The family of a Fife Army captain who died after running the London Marathon have completed a 2.6 challenge in his memory to raise funds for injured veterans.
Captain David Seath, from Crossgates, collapsed just three miles short of the finish line while raising money for Help for Heroes during the 2016 event.
His relatives and friends have since raised more than £310,000 for the charity through the David Seath Memorial Fund.
They had to postpone this year’s annual 5k, due to take place in Dunfermline last Sunday, and will now hold it on October 4 to coincide with the rescheduled London Marathon.
Instead, the Seaths urged their supporters to do the 2.6 challenge, a fundraising intiative to support charities affected by the marathon’s postponement.
They undertook a range of activities from running, walking and cycling to yoga and trampolining, raising an estimated £2,000 for Help for Heroes.
Caotain Seath’s mum Libby, who teaches yoga in exchange for donations to the charity, did 26 rounds of Surya Namaskar, a strenuous yoga sequence, via Zoom, while brother Gary completed a 10.4km run – four x 2.6 marking four years of the Captain David Seath Memorial Fund.
David’s uncle Kevin Sykes undertook a 26.2km cycle in the heat of Perth, Western Australia, while his aunt Fiona and cousin Emma did a 2.6km walk.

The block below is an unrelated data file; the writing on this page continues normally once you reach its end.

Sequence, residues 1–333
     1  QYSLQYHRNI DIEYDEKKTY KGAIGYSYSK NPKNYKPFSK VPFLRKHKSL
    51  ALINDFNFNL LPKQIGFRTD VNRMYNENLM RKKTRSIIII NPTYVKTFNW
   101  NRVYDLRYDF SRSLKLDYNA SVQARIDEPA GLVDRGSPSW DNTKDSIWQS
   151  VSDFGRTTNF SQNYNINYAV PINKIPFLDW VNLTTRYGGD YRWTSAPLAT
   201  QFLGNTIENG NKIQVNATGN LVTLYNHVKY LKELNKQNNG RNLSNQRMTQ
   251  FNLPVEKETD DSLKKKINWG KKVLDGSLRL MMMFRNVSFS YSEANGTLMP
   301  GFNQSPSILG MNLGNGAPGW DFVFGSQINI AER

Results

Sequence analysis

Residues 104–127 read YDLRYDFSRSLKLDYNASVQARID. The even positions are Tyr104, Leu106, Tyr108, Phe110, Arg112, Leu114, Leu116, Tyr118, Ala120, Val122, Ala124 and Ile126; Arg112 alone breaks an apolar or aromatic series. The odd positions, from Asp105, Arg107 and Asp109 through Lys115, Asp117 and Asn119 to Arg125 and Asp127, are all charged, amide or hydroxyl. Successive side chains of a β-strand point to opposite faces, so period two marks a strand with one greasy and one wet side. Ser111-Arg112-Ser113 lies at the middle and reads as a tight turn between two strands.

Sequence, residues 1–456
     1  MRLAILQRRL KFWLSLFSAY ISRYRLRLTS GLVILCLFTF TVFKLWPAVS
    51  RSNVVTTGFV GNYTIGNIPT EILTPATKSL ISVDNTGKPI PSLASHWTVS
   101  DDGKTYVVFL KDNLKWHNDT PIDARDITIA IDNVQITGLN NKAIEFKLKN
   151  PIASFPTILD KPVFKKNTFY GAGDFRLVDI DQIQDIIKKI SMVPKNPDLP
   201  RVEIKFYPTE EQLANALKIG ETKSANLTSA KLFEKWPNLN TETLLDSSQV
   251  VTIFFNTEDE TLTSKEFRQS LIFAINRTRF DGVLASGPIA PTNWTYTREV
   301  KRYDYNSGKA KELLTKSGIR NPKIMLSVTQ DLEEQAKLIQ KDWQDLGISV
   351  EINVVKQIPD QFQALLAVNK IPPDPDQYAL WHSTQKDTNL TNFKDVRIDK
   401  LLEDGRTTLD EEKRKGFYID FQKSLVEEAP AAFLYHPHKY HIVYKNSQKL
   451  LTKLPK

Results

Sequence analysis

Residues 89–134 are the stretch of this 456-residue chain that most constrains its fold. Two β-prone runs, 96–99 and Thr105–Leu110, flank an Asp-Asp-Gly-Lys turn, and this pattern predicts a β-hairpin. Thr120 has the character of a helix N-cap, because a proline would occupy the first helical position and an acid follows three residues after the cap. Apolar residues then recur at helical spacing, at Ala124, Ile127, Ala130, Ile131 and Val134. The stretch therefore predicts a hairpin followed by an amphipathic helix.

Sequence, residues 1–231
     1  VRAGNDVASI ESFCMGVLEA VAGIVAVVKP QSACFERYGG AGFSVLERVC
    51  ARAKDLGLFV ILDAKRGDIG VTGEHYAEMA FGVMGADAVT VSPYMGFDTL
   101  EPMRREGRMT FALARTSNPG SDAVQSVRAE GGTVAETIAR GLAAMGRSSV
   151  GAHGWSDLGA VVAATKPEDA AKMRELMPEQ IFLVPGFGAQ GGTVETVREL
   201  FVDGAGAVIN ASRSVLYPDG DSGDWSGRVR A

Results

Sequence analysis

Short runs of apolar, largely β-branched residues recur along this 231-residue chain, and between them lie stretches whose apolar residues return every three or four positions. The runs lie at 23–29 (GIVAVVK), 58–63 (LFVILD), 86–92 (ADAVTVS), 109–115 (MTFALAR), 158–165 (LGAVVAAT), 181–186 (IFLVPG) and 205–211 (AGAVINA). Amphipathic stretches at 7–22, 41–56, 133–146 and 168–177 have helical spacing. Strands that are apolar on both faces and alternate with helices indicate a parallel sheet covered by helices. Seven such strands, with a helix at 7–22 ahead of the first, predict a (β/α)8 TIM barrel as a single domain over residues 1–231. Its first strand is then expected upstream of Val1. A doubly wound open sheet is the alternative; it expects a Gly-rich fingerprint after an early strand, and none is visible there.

Cousin Anthony Walshe, who recently joined the RAF, completed a 2.6km run, followed by a body weight session including 26 push-ups and sit-ups and a two minute 26 second plank.
Another cousin Sarah-Jayne Tunstall carried a 2.6kg backpack on a 9.6km run around York.
Gary Seath, who founded the memorial fund, said: “The fund is committed to supporting personnel, veterans and their families across Scotland during the most unprecedented times.
“It was very disappointing to have to cancel our 5k fundraising event, however we fully appreciated the measures taken by the Government as a means to control the spread of coronavirus.
“The 2.6 Challenge presented an opportunity to continue to raise funds during what is proving an incredibly challenging time within the charity sector and we have been overwhelmed by the fundraising which has been carried out in support of David’s legacy.”
David Martin, Help for Heroes head of fundraising, said “We know the London Marathon weekend is particularly poignant for the Seath family yet they have created a positive and inspiring legacy from such a painful anniversary.”